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NSA "Metadata" Collection: Did FCC Know?

From http://www.washingtonpost.com/wp-srv/special/politics/prism-collection-documents/

Did FCC know about the recently revealed NSA collection of “metadata” including “pen register” information (and more, but not content) of every phone call in the USA?

Your blogger, a “card carrying” ACLU member, has no direct knowledge of this program.

Indeed, he has not dealt in any way with the intelligence community since before 9/11 and has not dealt with NSA in more than 25 years. However, based on observations of their modus operandi at those times it is fair to say that at the very least the FCC Chairman most likely knew about this collection program and that during the Bush Administration at least the FCC Chairman knew about the apparently illegal predecessor program that took place at that time.

FCC Rules (47 C.F.R. 0.181) provide for a “Defense Commissioner” who “directs the homeland security, national security and emergency preparedness, and defense activities of the Commission”.

Through much of the Commission’s history this was a commissioner other than the Chairman. In recent years, under both parties, the Chairman has assumed these duties which has likely had the impact of minimizing the number of commissioners who know what was happening in sensitive areas.

(However, one stimulus for the de facto merger of the Defense Commissioner position with the Chairman’s Office was the attempt of Comm. Mimi Weyforth Dawson to use the position in cooperation with her husband, a key Senate staffer in the defense area, to set herself up to be the next FCC chairman in a Republican factional fight during the Reagan Administration.)

So what is the real problem here with the NSA program? It was probably legal under the Patriot Act. The key congressional intelligence committees apparently know about it. Did Congress as whole understand that this was allowed under the Patriot Act? Are some provisions of the Patriot Act really a threat to our democracy?

Your blogger is not as concerned about the “vacuum cleaner” collection of massive amounts of information as much as the safeguards protecting it from inappropriate use. Several agencies of the federal government have a lot of private information on you beside NSA: think Passport Office, IRS. Both of these have had scandals in recent memory.

The Passport Office has had recurring problems with voyeuristic staffers who were using their access to look up Hollywood personalities and their personal information. After multiple scandals this resulted in new oversight of employee access and the topic has been quiet in the US for several years although a quick Google search shows comparable problems in other countries.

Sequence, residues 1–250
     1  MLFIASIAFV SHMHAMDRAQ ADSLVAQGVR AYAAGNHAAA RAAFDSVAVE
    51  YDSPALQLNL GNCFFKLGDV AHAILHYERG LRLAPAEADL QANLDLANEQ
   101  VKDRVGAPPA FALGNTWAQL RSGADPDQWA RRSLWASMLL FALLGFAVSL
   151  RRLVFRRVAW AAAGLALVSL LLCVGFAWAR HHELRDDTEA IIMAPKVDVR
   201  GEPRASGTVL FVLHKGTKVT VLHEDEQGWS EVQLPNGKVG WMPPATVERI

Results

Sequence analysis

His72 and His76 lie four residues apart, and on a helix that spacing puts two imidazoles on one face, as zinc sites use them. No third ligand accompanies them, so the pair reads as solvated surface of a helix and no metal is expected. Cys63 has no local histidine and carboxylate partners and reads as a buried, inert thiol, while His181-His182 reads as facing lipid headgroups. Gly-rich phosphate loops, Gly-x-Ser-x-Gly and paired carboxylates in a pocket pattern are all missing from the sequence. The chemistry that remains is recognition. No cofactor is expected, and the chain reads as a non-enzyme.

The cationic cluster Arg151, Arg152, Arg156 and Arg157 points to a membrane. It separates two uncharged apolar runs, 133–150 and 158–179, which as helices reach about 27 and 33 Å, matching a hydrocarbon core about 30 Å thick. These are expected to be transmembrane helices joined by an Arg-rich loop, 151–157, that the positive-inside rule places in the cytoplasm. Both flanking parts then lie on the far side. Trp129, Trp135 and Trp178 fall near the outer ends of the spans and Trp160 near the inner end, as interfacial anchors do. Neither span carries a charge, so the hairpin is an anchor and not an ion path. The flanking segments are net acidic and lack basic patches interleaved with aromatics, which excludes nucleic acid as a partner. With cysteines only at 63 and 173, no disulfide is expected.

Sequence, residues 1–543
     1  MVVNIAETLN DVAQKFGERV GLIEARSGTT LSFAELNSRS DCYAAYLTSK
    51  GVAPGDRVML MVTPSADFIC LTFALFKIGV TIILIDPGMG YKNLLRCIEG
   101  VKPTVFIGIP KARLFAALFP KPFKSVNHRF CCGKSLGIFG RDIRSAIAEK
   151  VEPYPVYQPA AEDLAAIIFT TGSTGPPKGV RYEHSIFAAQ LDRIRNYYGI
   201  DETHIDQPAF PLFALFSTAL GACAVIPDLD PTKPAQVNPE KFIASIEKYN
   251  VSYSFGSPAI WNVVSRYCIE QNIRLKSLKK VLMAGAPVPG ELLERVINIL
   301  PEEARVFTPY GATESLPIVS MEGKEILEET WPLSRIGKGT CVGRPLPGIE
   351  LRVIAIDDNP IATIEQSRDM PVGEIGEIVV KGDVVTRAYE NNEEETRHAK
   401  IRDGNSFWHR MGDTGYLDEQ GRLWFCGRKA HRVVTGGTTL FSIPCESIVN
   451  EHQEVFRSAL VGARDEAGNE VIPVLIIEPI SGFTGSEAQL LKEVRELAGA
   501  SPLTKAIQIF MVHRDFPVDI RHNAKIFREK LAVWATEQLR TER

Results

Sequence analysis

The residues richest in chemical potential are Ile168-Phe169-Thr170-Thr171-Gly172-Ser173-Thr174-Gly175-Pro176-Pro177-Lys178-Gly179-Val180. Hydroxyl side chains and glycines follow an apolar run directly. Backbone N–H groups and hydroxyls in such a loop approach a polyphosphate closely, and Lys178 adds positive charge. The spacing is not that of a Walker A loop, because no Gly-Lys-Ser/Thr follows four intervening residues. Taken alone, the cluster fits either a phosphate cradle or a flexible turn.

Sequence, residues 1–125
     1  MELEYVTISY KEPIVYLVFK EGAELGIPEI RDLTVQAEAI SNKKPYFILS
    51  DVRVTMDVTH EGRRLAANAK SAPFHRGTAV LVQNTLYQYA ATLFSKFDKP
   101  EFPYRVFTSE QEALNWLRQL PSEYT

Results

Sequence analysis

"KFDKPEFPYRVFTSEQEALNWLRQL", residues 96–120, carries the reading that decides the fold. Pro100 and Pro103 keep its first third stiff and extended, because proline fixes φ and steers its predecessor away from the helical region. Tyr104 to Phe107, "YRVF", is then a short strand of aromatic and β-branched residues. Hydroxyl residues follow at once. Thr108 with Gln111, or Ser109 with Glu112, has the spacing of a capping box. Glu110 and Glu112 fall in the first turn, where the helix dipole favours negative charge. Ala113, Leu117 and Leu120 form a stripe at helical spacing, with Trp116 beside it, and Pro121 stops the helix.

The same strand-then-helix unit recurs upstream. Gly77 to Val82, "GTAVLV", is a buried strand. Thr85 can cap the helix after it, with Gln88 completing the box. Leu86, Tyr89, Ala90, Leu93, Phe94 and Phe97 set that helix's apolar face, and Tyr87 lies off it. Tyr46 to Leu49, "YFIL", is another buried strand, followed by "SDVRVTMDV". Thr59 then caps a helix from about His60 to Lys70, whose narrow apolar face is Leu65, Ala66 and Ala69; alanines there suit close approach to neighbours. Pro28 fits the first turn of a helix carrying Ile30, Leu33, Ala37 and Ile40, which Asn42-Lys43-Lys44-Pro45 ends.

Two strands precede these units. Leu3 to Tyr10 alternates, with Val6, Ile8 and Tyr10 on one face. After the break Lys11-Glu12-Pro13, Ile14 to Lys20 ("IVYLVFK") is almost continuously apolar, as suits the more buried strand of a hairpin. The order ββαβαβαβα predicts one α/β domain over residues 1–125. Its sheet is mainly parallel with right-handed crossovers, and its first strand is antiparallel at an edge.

The current IRS scandal shows the potential of misuse of sensitive information for political gain, although it probably wasn’t the real issue in the Tea Party case. J. Edgar Hoover was a master at misusing private information. Note that the IRS problem was discovered by the Treasury Inspector General for Tax Administration (TIGTA), an independent office created in 1998

to provide independent oversight of IRS activities. TIGTA promotes the economy, efficiency, and effectiveness in the administration of the internal revenue laws. It is also committed to the prevention and detection of fraud, waste, and abuse within the IRS and related entities.

While the Intelligence Community says that the Foreign Intelligence Surveillance Court overseas the data collection and use, does it really the the resources to do so? The Wikileaks/Bradley Manning case shows that the classified community has not always done a good job detecting when someone overreached their authorized access and “need to know”.

There is an Intelligence Community Inspector General, but does he have a clear charter and adequate resources to protect truly personal information from either voyeuristic or politically motivated snooping? It is interesting that Gen. Patraeus used e-mail for his extramarital affair even though he knew about these programs. Maybe he had more faith in their discretion than I have.

Perhaps we need an independent TIGTA-like office with adequate staffing to have independent oversight to assure that information collected under sensitive intelligence programs is only used for sensitive intelligence programs and not to create a police state.

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